The Prunus Africana tree contains ingredients that help fight illnesses like prostate cancer. But the tree is now under threat. Two Kenyan women have taken up the fight to protect this valuable tree.
The lives of two Kenyan women Dorothy and Mary couldn't be more different. One is used to life in the city, the other in a village. One is young and ambitious about her upcoming professional life, one has already retired. Dorothy and Mary do not know each other but they share one thing: Their commitment to a very special tree called Prunus Africana.
23-years old Dorothy Nyamai studies biochemistry in the Kenyan capital Nairobi. For her master's thesis, she is studying the bark of the Prunus Africana. The tree’s bark is used to make medicine for many illnesses, but primarily for prostate cancer. "Working on a species which is used in cancer treatment is of high interest to me," Dorothy says. The sad reason for that: Dorothy's mother died of uterine cancer, her sister died of breast cancer.
Dorothy investigates how the bark’s components can be used to treat cancer. She wants to find out whether there is a difference between trees grown in the wild and those in an experimental nursery. Many men could profit from her work. Worldwide, more than half of all men over sixty have trouble with their prostate.
Villagers suffer from deforestation
But Prunus Africana is threatened by extinction. The tree only grows 1500 meters above sea level. People who live in the areas where the trees grow need its wood to cook and build homes. They also gain farmland by clearing the trees. One third of Kenya used to be covered with forest; today, this number has decreased to around seven percent. And without the tree's roots to hold the earth in place, valuable top soil is washed away in the rainy season.
Mary Nyambura is well aware of this. The retired school teacher lives in a small village in the Aberdare Mountains, about one hundred kilometers from Nairobi. When she was young, her village was right next to the forest. Today, she has to walk several kilometers before she sees natives like the Prunus Africana. "20 years ago, the forest was so dense", Mary says. "During those days, rain used to come at the right time." Nowadays, failed rains - partly caused by deforestation - present great challenges to Mary and her community: "When we plant, the crops do not grow."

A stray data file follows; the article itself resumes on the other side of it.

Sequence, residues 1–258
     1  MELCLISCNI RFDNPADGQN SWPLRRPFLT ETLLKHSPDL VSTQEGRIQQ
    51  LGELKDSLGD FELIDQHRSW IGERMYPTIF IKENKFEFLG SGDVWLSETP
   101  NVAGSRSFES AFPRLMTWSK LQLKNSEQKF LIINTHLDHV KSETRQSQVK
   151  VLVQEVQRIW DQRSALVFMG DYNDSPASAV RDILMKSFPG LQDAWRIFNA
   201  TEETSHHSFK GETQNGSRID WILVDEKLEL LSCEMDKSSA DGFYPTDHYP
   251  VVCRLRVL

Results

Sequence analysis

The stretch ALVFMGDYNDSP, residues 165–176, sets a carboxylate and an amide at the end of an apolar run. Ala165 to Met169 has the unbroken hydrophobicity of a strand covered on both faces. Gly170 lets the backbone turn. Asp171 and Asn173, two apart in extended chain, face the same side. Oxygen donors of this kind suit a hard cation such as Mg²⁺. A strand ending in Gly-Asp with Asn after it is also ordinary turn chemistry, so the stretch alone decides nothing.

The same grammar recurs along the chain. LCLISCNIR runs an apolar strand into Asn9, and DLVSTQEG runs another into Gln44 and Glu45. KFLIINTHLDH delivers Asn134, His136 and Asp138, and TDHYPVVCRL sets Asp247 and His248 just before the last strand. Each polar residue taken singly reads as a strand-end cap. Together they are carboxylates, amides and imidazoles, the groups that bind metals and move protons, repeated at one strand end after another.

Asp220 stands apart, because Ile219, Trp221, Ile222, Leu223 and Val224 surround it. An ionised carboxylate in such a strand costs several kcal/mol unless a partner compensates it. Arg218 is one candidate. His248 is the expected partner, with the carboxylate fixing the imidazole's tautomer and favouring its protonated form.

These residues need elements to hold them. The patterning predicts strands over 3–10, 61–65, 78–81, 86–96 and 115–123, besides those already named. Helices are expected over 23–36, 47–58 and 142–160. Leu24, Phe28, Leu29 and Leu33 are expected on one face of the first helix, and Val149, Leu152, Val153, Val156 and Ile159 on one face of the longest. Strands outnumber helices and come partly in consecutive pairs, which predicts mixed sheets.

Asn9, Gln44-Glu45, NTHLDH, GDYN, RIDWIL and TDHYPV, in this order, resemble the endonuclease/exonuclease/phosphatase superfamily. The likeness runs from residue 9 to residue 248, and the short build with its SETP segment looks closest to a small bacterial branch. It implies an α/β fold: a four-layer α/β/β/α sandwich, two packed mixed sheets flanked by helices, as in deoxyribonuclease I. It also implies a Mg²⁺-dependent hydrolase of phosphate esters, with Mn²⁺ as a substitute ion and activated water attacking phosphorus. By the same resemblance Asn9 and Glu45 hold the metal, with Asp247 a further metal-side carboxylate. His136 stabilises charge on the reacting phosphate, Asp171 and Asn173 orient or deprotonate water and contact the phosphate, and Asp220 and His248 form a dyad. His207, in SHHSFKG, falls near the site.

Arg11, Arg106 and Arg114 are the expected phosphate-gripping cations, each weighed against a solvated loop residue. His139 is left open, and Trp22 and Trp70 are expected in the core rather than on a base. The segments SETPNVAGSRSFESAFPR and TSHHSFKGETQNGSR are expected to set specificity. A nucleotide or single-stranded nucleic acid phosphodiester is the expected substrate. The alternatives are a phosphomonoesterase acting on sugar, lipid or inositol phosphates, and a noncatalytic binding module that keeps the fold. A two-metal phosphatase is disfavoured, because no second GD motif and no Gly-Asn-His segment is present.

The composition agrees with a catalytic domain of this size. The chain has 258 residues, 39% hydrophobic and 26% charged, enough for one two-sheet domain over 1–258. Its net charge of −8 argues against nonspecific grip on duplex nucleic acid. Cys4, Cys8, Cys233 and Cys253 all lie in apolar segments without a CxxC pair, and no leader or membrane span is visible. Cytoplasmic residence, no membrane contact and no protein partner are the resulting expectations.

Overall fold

Mary is doing what she can to help save the trees. On her walks through the forest she collects seedlings. She then plants them in a small nursery she has been operating for the last ten years. Mary earns about eight Euros a month selling the trees. She is saving the money for her children's education.
The Kenyan environmental group "Green Belt Movement" (GBM) is supporting people like Mary in setting up their nurseries. It is also one of the main purchasers of young trees. Their aim is reforestation and they want to work together with village residents. GBM has been promoting native species such as Prunus Africana for nearly 40 years.
"You will never ever find monkeys on exotic trees. You always find them on indigenous trees," Charles Mwangi, one of the organization's senior program officers, says. "We promote these trees in order to restore biodiversity."
After the small Prunus Africana trees have been growing in nurseries like Mary’s for about six months, the villagers and GBM activists take them to a meadow they want to turn back into a forest. "My wish is to see this forest as thick as it was 20 years ago," Mary says.
New source of income for farmers
Close to the small town of Muguga, just a few kilometers outside Nairobi, there is a Prunus Africana test plantation. Dorothy, the master's student, comes here to take bark samples for her experiments. Her research not only advances medical research, but also helps people living off the land.
"If we find that the components of the species when it is in the wild are the same as the ones which are in the domesticated stand, it will be an advantage for the farmers. They will be able to go for the domestication of this species, which is threatened with extinction," she says. "When we have more of the trees being domesticated, since the bark is of high value, we can advocate for farmers to export it because it has a ready market in Europe for production of herbal drugs."
During the 1990s, 3,000 to 5,000 tons of Prunus Africana bark was exported from Africa to countries like France and Spain every year. This is the largest amount of any African medicinal plant to be traded internationally. Most comes from Cameroon. Up to now, Kenya only has a seven percent stake in the international Prunus Africana trade.
Reforestation and the promotion of sustainable cultivation of the tree would be beneficial for the inhabitants of the Kenyan highlands, people with prostate problems worldwide and the environment. Both Dorothy and Mary see this as an incentive to continue their efforts to help save the tree.